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PROFESSOR MAX MULLER AT BIRMINGHAM.

OPENING OF FIRTH COLLEGE BY…

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THE FIGHT WITH THE UTE INDIANS.

THE EARTHQUAKE IN HUNGARY.

TERRIBLE ACCIDENT BY FIRE…

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MR. GLADSTONE INTERVIEWED.

[No title]

THE ACCIDENT ON THE MICHIGAN…

PEASANT PROPRIETORS IN IRELAND.

THE MASSACRE AT CABUL.

FREE TRADE M AMERICA.

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FREE TRADE M AMERICA. The Times of Thursday published the following letter on the above IUbject Sir,-In regard to the question of free trade in the United States, will you allow an American to say a word ? You have so completely answered the errors of your Philadelphia correspondent that little is left to be said in further correction, Your correspondent is right in Baying that free trade, as such, is not likely to be adopted soon in that country but he is wrong if he means to be understood that important modifica- tions of the tariff will not at an early date be made. Congress will, in my opinion, very soon reduce the existing rate of duty upon imported merchandise, in compliance with the prevailing I entiment. The Secretary of the Treasury in his annual report of 1878 recommended a reduction, and he is the prin- cipal representative in the Government of the Republican party, which your correspondent intimates will prevent this needed reform. Outside of those who are directly interested as manufacturers the policy of protection has few advocates, but where per- sonal intereat affects the judgment, as in this case, of course, Democrats and Republicans approve that which is advantageous to themselves. I fear that your correspondent is unconsciously influenced by the sentiment of Pennsylvania, where he resides, which is so strongly manufacturing, and, consequently, in avour of protection. Free trade in the United States is understood to mean the abolition of all duties which would throw upon all the domestic industries the sole burden of taxation, This would not be popular. Until the late civil war, all the revenues were raised by duties on importations. Internal taxes are not readily ac- quiesced in and are difficult to collect. Therefore, while, no doubt, our tariff will be continued, it is safe to predict that the rates will be so modified as to re- duce it to that standard which will produce the most revenue. I am aware that one of the two political parties in the United States has sought to obtain the vote of the manufacturers by advocating the continuance of the present tariff, and in the districts where th >se interests prevail this scheme has been successful; but in the agricultural and trading districts, which com- prise four-fifths of the whole population, an opposite policy has been adopted. It is a mistake to assume that protection is a doctrine universally acquiesced in by the Republican party of the United States. The leading Republican newspapers are opposed to it, and the last Republican State Convention of Minnesota advocated a tariff for revenue only. In the Western States, where the balance of political power now exists, protection has little or no support, for the sig- nificant reason that the population is mainly agricul- tural and but little manufacturing. It is estimated that the census now being taken in the United States will show an aggregate population of nearly 50,000,000, of which less than 5,000,000 is employed in manufacturing. It is obvious that 45,000,000 people, so jealous of individual rights as Americans are apt to be, will not consent to be taxed for the benefit of 5,000,000. Further comment upon upon this pregnant fact is unnecessary. You are quite right, therefore, in predicting a reform in our tariff regulations. FERNANDO WOOD, M.C. Cavendish Hotel, Oct. 22.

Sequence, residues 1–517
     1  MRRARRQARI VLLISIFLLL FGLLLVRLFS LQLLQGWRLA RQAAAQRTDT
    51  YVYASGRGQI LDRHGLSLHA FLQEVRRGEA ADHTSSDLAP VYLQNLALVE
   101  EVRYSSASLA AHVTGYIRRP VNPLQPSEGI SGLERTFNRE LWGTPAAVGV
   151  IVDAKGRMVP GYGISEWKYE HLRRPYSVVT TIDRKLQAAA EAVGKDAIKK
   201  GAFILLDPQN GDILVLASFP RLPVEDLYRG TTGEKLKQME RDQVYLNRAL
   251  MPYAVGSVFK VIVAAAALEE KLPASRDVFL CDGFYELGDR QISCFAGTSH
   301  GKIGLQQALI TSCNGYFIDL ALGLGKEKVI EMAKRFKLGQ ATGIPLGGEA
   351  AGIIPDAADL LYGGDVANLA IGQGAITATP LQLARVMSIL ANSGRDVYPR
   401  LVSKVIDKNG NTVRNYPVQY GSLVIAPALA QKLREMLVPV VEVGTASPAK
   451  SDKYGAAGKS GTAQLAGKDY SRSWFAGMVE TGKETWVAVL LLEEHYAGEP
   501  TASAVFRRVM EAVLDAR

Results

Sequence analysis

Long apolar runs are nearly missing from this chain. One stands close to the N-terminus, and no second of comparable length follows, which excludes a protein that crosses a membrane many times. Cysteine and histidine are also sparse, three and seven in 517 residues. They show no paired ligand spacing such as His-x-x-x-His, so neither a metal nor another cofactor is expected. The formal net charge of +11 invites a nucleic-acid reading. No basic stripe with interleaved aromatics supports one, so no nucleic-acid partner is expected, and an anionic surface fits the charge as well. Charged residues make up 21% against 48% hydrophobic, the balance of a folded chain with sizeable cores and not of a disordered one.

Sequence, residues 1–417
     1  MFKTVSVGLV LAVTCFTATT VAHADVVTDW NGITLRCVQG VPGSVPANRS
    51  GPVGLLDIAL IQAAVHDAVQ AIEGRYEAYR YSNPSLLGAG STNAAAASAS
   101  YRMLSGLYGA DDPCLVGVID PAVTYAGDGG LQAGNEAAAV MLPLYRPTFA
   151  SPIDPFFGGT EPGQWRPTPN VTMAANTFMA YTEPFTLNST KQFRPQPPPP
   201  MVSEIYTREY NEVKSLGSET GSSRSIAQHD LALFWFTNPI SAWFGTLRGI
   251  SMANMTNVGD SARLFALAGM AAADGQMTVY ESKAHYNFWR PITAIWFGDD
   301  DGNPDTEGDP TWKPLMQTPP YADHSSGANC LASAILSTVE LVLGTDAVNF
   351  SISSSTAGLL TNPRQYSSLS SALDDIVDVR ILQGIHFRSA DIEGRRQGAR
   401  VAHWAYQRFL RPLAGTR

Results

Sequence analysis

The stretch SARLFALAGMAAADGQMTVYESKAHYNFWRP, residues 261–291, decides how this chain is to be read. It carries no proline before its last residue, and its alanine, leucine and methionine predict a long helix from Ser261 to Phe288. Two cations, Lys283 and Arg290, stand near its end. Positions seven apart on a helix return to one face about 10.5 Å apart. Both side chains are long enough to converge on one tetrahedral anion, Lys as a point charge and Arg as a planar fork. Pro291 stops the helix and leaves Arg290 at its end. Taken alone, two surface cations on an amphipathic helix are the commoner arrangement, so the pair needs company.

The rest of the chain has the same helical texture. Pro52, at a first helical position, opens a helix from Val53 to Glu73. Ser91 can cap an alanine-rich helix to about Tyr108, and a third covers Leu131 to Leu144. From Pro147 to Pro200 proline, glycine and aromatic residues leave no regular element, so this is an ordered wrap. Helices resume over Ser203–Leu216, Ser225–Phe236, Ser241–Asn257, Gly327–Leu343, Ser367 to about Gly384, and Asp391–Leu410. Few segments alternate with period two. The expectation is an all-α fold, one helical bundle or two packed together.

ARTIFICIAL BREEDING OF FISH.

THE LATE CONSUL HOPKINS.

SCIENTIFIC AGRICULTURAL EDUCATION.

DINING EN ROUTE.

A HOG-SCRAPING MACHINE.

■ & The FOREIGN COAL and IRON…